London tower fire death toll increases to 12; number expected to continue to rise
A further 10 people were said to have made their own way to the hospital, taking the total to 74.
The cause of the fire remains unknown at this stage, the Fire Brigade said. However, local media reports suggest that witnesses at the scene have pointed to a faulty fridge as the cause of the fire.
Samira Lamrani, who lives on nearby Hurstway Walk and was present at the scene, told the Press Association that a resident said he had called the emergency services after his fridge caught fire. He is thought to have lived on either the second or fourth floor, though the reports are yet to be confirmed.
"When I arrived on the scene he (the resident) was amongst the people that were standing there," Lamrani said.
"He was just beside himself. He was just as surprised at how quickly the fire spread as anybody else.
"I could hear him saying that he contacted the emergency services immediately and they reassured him everything would be under control within a short period of time, and obviously it wasn't." London's Fire Brigade Commissioner told reporters that while the building appeared to be safe for crews to work in, a structural engineer is continuing to monitor the safety of the tower block."At the moment the building continues to be safe for our crews to go and work in," Cotton said.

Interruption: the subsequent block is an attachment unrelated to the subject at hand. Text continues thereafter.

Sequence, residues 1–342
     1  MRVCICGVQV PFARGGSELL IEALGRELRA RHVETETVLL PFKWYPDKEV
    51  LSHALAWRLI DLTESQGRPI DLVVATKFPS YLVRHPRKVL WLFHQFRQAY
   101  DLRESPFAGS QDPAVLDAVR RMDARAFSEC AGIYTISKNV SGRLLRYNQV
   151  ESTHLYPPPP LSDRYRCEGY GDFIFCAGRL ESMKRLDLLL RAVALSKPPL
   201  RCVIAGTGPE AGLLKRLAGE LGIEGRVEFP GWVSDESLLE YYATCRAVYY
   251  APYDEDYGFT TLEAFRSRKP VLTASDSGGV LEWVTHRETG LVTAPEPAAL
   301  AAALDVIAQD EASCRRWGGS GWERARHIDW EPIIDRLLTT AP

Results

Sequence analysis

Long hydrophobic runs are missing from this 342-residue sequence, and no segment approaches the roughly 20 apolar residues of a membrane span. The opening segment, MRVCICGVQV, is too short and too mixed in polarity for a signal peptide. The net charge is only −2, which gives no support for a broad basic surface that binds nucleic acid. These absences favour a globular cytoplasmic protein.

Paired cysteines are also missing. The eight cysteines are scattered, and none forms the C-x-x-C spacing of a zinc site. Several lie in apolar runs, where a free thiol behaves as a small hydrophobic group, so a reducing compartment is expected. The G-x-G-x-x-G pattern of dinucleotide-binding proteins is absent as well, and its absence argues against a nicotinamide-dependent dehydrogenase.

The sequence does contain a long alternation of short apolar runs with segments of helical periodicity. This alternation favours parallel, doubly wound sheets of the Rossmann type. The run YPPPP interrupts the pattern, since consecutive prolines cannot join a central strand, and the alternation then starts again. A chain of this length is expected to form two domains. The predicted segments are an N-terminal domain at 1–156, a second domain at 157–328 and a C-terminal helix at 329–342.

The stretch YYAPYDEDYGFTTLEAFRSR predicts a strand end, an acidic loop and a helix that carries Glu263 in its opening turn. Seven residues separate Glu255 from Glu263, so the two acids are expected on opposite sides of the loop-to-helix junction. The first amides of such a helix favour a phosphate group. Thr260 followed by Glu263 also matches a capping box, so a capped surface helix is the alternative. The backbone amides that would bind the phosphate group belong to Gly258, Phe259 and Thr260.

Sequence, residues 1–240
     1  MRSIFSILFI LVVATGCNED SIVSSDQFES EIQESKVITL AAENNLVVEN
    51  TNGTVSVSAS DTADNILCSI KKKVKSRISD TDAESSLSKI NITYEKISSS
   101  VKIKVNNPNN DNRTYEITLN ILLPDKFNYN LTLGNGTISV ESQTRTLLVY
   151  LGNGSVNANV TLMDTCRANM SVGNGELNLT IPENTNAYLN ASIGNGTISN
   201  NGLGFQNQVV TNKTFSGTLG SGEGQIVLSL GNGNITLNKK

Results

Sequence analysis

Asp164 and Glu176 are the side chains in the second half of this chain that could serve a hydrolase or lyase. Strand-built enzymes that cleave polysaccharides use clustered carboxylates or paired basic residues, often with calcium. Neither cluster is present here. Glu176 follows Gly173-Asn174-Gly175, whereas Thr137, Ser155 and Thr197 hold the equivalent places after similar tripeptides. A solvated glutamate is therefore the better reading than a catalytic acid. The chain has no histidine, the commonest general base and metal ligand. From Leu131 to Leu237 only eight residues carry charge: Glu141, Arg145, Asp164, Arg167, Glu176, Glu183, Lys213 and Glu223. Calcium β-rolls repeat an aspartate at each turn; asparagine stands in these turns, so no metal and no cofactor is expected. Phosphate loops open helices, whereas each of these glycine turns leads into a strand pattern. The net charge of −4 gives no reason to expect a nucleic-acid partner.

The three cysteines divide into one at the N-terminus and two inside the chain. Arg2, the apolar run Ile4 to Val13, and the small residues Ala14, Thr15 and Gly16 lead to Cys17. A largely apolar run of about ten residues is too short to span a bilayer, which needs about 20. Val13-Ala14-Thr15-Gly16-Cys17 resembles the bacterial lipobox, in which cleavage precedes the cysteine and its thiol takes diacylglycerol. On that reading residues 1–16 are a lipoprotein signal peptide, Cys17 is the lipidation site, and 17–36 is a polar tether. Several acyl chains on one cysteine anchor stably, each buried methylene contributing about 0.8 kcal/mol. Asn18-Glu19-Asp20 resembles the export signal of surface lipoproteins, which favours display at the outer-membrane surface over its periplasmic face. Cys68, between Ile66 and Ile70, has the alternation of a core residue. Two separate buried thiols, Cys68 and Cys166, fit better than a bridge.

An action group at the west London tower block had repeatedly warned of a fire risk and suggested a similar incident was narrowly avoided after a power surge in 2013.The Grenfell Action Group claimed their concerns were dismissed by Kensington and Chelsea council, which owns the block of flats, as well as the local tenant management organisation (KCTMO) which runs the borough's homes."All our warnings fell on deaf ears and we predicted that a catastrophe like this was inevitable and just a matter of time," the Grenfell Action Group said in a blog post published Wednesday.Kensington and Chelsea council were not immediately available for comment when contacted by CNBC on Wednesday morning.
London Mayor Sadiq Khan said questions would need to be answered in the aftermath of the fire at Grenfell Tower which has killed several people. Further to the frequent blog posts from the Grenfell Action Group, residents reportedly claimed they had been advised to stay in their flats in the event of a fire.When Khan was asked about these concerns in an interview with BBC radio, he replied, "These questions are really important questions that need to be answered".He added, "Across London, we have many, many tower blocks and what we can't have is a situation where people's safety is put at risk because of bad advice being given or if it's the case, as has been alleged, of tower blocks not being properly serviced or maintained."
- CNBC's Karen Gilchrist contributed to this report. Follow CNBC International on Twitter and Facebook.
Spain to suspend Catalonia's autonomy after regional leader fails to drop independence bidCNBC
Spain ready to go 'nuclear' on Catalonia as final independence deadline nearsCNBC
Bomb kills journalist who exposed Malta’s ties to tax havensCNBC
Catalonia still won't say whether it's declaring independence, but wants to meet with Spanish leaderCNBC
Initial results show Austria tilting right in national voteCNBC